Colton Herta edged Pato O’Ward to win the Freedom 100. Photo: Indianapolis Motor Speedway, LLC Photography

Herta is no stranger to winning – he won twice in 2017 (Race 2 at St. Petersburg and Race 2 at Barber Motorsports Park) – both times in dominant fashion.

As he explained, it isn’t necessarily more challenging to dominate a race versus battling rivals the entire way, but different mindsets are required to survive each.

“It’s a different skill set,” he asserted. “Obviously when you start up front, there’s a lot more pressure to perform, so it’s more about managing the gap to the guys behind. Whereas you’re not as nervous when you’re in the back of the pack, because you can’t go any further back. So there’s less nerves going into the race. And it’s more about attacking the whole time and taking a little more risk.”

In discussing his Indy victories more, Herta detailed that outdueling opponents in intense duels – like the ones at Indy – comes down to thoroughly analyzing one’s opponents and making aggressive, yet smart passes.

“You can see what the guys are doing ahead of you, and obviously if you follow them for a lap or two you can see where they’re struggling and you can make up ground on them,” he explained. “And that’s the biggest thing: going for an overtake that you can make – especially when you’re in the running for a championship fight like this – going for an overtake that you know you can make without taking a massive risk, and kind of seeing the tendencies of the car in front of you and where they’re struggling and when you’re making up time.”

Herta’s run of recent success comes as more evidence of a driver who appears to be more polished than he was last year. While blisteringly fast – Herta captured seven poles in 2017 – there were also a number of errors that kept him from making a more serious championship challenge.

Though Herta began 2018 with a somewhat ominous crash in Race 2 at St. Pete, the rest of his season has been much cleaner. He finished third in Race 1 at St. Pete and second and third at Barber Motorsports Park before his run of victories at IMS.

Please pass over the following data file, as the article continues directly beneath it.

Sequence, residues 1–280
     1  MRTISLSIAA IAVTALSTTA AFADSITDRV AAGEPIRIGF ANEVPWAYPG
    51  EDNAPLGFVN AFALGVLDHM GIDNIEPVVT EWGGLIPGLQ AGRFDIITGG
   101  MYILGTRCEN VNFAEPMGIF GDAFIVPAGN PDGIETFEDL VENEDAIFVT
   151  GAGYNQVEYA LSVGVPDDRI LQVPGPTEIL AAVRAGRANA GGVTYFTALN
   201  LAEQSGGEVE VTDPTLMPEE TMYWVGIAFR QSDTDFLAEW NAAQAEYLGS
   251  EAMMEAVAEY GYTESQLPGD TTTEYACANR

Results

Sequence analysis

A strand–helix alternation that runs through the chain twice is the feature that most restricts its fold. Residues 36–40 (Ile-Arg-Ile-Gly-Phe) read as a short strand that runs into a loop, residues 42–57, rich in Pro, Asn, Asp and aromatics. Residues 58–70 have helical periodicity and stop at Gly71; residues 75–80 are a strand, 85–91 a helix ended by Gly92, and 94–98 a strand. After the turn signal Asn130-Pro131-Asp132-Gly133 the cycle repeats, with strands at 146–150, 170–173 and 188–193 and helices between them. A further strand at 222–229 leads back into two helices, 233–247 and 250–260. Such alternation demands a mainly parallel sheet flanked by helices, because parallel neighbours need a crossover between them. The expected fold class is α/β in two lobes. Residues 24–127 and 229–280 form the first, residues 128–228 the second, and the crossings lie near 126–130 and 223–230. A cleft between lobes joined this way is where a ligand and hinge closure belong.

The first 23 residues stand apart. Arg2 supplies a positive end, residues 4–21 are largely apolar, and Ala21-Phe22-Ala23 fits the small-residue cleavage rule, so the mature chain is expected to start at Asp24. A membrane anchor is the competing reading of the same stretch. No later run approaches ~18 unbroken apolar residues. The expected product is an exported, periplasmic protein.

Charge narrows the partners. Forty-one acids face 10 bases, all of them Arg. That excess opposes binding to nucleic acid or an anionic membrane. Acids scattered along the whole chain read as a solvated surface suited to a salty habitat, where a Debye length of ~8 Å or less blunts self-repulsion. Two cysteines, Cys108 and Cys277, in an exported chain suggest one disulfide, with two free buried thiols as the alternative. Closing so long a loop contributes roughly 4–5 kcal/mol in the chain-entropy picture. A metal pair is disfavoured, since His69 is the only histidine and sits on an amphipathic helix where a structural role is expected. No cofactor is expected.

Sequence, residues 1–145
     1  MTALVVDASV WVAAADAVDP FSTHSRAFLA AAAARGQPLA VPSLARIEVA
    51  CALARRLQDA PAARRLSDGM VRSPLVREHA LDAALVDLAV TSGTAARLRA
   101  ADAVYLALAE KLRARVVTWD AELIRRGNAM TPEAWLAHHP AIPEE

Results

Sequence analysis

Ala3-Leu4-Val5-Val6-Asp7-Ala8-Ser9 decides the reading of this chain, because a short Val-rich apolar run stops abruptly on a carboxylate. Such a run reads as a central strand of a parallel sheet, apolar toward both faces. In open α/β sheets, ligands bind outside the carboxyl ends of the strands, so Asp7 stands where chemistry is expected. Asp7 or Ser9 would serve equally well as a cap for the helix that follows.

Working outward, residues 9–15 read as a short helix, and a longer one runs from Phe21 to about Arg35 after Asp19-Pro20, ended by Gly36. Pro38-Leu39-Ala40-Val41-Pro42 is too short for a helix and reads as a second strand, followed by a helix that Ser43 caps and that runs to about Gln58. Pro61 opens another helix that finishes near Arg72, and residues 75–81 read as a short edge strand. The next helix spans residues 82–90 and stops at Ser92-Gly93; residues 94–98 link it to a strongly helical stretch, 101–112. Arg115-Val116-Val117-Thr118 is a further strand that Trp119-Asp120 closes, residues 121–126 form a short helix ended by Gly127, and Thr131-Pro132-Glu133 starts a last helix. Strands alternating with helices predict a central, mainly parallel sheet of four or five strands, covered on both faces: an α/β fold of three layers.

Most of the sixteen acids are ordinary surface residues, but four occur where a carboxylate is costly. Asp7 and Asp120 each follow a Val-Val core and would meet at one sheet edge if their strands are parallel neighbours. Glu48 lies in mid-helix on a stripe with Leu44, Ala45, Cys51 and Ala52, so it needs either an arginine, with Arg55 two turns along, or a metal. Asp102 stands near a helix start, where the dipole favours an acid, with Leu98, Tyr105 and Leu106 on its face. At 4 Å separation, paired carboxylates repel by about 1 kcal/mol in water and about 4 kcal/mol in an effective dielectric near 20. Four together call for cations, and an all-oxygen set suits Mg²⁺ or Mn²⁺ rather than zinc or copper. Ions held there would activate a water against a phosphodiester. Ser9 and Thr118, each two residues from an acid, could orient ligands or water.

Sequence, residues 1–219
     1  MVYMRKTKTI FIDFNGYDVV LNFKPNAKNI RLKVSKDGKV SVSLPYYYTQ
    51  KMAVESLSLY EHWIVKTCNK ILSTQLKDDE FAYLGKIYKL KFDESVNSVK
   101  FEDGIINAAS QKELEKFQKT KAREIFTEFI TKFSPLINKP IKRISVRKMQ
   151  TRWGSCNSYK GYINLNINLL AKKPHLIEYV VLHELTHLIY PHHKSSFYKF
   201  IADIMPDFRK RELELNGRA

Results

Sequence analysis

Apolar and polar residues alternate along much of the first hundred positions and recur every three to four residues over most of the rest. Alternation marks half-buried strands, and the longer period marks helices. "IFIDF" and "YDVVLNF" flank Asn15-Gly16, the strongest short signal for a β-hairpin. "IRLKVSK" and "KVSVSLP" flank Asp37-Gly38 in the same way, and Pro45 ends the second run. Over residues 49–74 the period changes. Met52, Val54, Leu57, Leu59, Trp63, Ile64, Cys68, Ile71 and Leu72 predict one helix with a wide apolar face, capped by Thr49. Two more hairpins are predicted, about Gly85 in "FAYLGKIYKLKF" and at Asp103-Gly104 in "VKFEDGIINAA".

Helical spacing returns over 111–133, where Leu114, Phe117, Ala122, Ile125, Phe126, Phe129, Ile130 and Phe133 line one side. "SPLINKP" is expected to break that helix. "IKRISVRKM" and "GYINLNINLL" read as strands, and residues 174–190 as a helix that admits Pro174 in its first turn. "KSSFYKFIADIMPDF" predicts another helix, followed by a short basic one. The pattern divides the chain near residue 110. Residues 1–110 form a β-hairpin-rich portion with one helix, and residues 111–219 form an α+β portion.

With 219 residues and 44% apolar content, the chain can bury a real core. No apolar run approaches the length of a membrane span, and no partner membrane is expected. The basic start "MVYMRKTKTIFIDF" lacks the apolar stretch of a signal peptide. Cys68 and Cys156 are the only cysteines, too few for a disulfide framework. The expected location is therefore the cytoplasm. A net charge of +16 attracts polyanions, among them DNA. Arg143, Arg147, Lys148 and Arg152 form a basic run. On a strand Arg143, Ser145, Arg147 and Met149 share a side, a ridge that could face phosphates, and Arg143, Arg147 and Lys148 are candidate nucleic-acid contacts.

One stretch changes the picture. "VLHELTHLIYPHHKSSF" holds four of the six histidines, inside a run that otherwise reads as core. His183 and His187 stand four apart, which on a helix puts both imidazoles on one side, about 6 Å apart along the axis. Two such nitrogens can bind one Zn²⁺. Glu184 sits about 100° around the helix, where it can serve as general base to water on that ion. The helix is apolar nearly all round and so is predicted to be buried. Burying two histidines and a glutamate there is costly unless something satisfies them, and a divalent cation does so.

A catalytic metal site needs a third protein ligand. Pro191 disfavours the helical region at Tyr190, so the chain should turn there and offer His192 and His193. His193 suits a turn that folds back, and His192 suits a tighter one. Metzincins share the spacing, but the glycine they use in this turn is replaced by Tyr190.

Still, despite the appearance of a more polished driver, Herta explained that his approach is no different than it was in 2017.

“Not much has changed,” he asserted. “The mindset obviously is still the same because, especially with a (seven car field), you need to win races and you need to win quite a few of them to win the championship. (Staying out of trouble is about) just kind of settling in and knowing that a second or third place, or even a fourth or fifth place, isn’t terrible to take every now and then.”

And because the field in Indy Lights is small this year – only seven cars are entered at Road America – Herta revealed that maintaining a hard-charging style and going for race wins is paramount, in that the small fields make it harder to gap competitors in the title hunt.

“It’s hard to create a gap. On a bad day, you’re still going to be closer (to the guys ahead of you). Like Pato O’Ward in Indy (on the road course) had an awful weekend and finished in the back in both races (fourth and seventh), but I’m only at a (six point) lead. It’s tough to get ahead, so you want to minimize mistakes. It’s tough to make a gap, but it’s also tough to fall behind.”

As such, Herta is most certainly focused on bringing home an Indy Lights crown in 2018, which would propel him into the Verizon IndyCar Series, but he isn’t putting undue pressure on himself to force it to happen.

“In the second year, you have to get it done, and it’s tough to move up to IndyCars without that $1 million scholarship. So yeah, it’s important, but there’s no need to put more pressure on myself for how it is. I just got to keep doing what I’m doing, keep my head down, and if we can replicate what happened in May more and more, we should be in IndyCar next year,” he detailed.

And a potential move to IndyCar is certainly on the minds of Herta and Andretti-Steinbrenner Racing, even if the Indy Lights title ends up in the hands of someone else.

“We are thinking about it for sure, and we have some sponsors already committed on this year that I think we could bring up into IndyCar,” Herta revealed. “But, if we win the Indy Lights championship, we’re going to race (IndyCar), whether it’s the four races that we’re given or whatever it may be.”

Herta will look to improve upon his results from last year at Road America, when he finished 12th in Race 1 and third in Race 2.